The Circus Animals' Desertion

This poem appeared in Yeats' final collection and can be described as a detached critique of the poet's career. The poem's title sees Circus Animals symbolising the characters created by Yeats, throughout his literary career.

The word "desertion" suggests a loss of poetic inspiration and the poet begins in the opening stanza by admitting to this loss. He is preoccupied with his inability to create. "I sought a theme and sought for it in vain, I sought it daily for six weeks or so." In line 3, an air of acceptance is evident "Maybe at last being but a broken man, I must be satisfied with my heart". The words, broken and heart, are important, representing old, aged, the scarecrow image, but also perhaps a man psychologically broken. Now in his old age, recognising the failure of his intellect as well as the decrepitude. The word heart, symbolises feelings, a proximity to reality, the alter-ego of the intellect. Yeats' admission is that his previous work has been created solely from the intellect and now faced with its loss, he must try to create from the heart. He recognises that the intellect served him well throughout his career "Although Winter and Summer till old age began, my circus animals were all on show". The final 2 lines of the stanza contain a clear criticism of those previous creations "Those stilted boys, that burnished chariot, Lion and woman and the Lord knows what". The figures in these lines are represented as circus acts, stilt walkers, charioteers and perhaps trapeeze artists. The words stilted and burnished, demonstrate the air of unreality he associates with him, the stilted boys represent the young lovers of his early plays and poems, unreal creations of his intellect, unnatural in their movements - figments of a poetic imagination. The word 'burnished' means polished and the burnished chariot is a reference to the chariot of Cú Chulainn, a popular character of Yeats' early career, he now recognises that the Cú Chulainn portrayed by him in his earlier plays and poems was an unreal creation, a polished or burnished version of the original. In the final line his references to 'lion' and 'woman', may literally convey the image of a lion and lion-tamer within a circus ring. However, there is a deeper meaning attached. In his poem, The Second Coming, her refers to Maude Gonne as half-lion, half-child - a sphinx-like creature. Here is an admission by Yeats that perhaps the Maude Gonne portrayed by him in his words was not the real woman but an imaginary creation.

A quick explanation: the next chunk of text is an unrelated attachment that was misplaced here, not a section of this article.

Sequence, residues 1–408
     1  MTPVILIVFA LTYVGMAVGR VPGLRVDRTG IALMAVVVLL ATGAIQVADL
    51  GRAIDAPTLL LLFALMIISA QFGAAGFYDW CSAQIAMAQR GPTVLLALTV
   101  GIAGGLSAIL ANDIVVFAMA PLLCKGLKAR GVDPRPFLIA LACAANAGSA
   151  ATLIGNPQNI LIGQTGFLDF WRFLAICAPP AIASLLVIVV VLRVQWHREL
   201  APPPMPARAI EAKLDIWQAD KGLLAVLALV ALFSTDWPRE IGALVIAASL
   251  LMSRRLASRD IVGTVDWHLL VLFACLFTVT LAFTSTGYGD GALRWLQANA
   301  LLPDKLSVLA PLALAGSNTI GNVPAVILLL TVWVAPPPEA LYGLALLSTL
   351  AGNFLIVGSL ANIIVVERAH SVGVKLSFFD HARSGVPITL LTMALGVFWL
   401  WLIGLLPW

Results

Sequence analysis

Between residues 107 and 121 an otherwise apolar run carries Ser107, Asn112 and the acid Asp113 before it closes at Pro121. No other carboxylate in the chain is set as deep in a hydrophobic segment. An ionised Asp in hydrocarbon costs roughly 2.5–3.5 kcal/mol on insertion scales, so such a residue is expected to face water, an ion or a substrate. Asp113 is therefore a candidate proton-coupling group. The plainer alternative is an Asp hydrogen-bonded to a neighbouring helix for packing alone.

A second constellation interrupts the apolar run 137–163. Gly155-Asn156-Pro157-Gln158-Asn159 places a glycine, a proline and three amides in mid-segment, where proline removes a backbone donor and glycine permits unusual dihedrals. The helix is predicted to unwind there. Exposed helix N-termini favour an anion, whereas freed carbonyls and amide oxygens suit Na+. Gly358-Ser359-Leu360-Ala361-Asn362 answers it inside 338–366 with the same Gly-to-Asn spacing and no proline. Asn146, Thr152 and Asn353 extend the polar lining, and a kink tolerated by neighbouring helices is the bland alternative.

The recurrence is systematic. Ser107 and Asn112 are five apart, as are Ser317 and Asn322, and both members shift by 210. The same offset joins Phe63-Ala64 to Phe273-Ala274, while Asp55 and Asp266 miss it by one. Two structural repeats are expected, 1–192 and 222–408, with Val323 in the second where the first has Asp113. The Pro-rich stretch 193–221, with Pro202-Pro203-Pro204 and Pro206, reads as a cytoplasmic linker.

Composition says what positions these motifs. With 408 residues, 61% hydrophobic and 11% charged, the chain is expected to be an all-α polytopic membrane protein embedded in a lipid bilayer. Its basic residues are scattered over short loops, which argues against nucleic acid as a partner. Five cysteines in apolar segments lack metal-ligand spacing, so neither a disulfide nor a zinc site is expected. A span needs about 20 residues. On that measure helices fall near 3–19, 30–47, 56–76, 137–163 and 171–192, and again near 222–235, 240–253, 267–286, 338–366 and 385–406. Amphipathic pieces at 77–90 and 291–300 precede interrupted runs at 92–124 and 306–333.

In stanza 2, Yeats concentrates his mind on his famous poem, The Wanderings of Óisin, written in 1899. He begins the stanza by recognising that, bereft of inspiration, he has little choice but to rework old themes in order to create new poetry. He describes Óisin (a symbol for himself) as a man "Led by the nose, through three inchanted islands, allegorical dreams, vain gaiety, vain battle, vain repose". The suggestion is that Óisin didn't act of his own free will - perhaps Yeats now feels that his own career was not directed by his own feelings. The three islands alluded to, represent Tír na nÓg, The Isle of Forgetfullness and The Isle of Dreams. But on deeper level represent the three stages of his poetic career. The gaiety of his youth when he was enchanted by Celtic Legends, the battles of his mid-career and his preoccupation with Maud Gonne and the vain repose of his old age where he is unwilling to accept his condition and is critical of what he has done in the past.

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